Leftover Crumbs

  • Another broker gets acquired. Just a few months after Charles Schwab acquired TD Ameritrade, Morgan Stanley announced it will acquire E*Trade in an all-stock deal for $13 billion. The deal equates to a price of $58.74 per share for E*Trade, a premium of approximately 30% to its closing price before the deal was announced. The deal marks the largest acquisition by a U.S. bank since the financial crisis. "E*TRADE represents an extraordinary growth opportunity for our Wealth Management business and a leap forward in our Wealth Management strategy," said Morgan Stanley chairman and CEO James Gorman. "In addition, this continues the decade-long transition of our Firm to a more balance sheet light business mix, emphasizing more durable sources of revenue."

  • A long fall from grace. Private equity firm Sycamore Partners is acquiring a 55% stake in Victoria's Secret, which was once a dominant force in the lingerie industry, from L Brands for $525 million. Les Wexner, founder of L Brands, will step down as CEO and chairman once the deal closes. "I think about the endless possibilities ahead for this company. And I’ve thought about where I fit in the picture. In keeping with this same thoughtful examination, I have decided that now is the right time to pass the reins to new leadership," wrote Wexner in a company memo.

  • Did you stay at an MGM hotel? MGM Resorts confirmed the data of more than 10.6 million guests has been posted to a hacking forum. The personal information of celebrities, tech CEOs, reporters and government officials are among those in the data dump. "Last summer, we discovered unauthorized access to a cloud server that contained a limited amount of information for certain previous guests of MGM Resorts," MGM told ZDNet. "We are confident that no financial, payment card or password data was involved in this matter."

  • It's for the children. New Mexico Attorney General Hector Balderas has filed a lawsuit against Google, alleging the tech giant is violating the privacy of students who use Chromebooks that have been provided to schools for free. "Student safety should be the number one priority of any company providing services to our children, particularly in schools," said Balderas. "Tracking student data without parental consent is not only illegal, it is dangerous; and my office will hold any company accountable who compromises the safety of New Mexican children." Balderas is not stranger to taking on Google, as he has a separate ongoing case against the company for alleged violations of COPPA provisions. He is also part of the group of 50 state attorneys general conducting an antitrust probe into Google.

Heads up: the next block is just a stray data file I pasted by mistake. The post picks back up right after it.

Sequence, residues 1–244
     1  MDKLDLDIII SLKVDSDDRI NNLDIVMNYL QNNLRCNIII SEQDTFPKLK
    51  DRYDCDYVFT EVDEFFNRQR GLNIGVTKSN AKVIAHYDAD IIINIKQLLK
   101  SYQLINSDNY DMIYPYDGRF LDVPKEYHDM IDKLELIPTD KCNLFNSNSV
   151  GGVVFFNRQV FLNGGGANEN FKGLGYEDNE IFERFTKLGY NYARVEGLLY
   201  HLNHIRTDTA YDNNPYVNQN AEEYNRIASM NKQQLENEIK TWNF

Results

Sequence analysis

• Knock, knock. If you're a high earner and haven't paid your taxes, you can expect a visit to your home by the IRS. Over the next two months the IRS will visit 800 high-income individuals who haven't paid their taxes in 2018 or earlier, with thousands more expected by the end of the year. The IRS estimates billions in tax revenues are being lost from those who earn more than $100,000 not filing. "These visits are primarily aimed at informing these taxpayers of their filing and paying obligations and bringing these taxpayers into compliance," according to an IRS news release.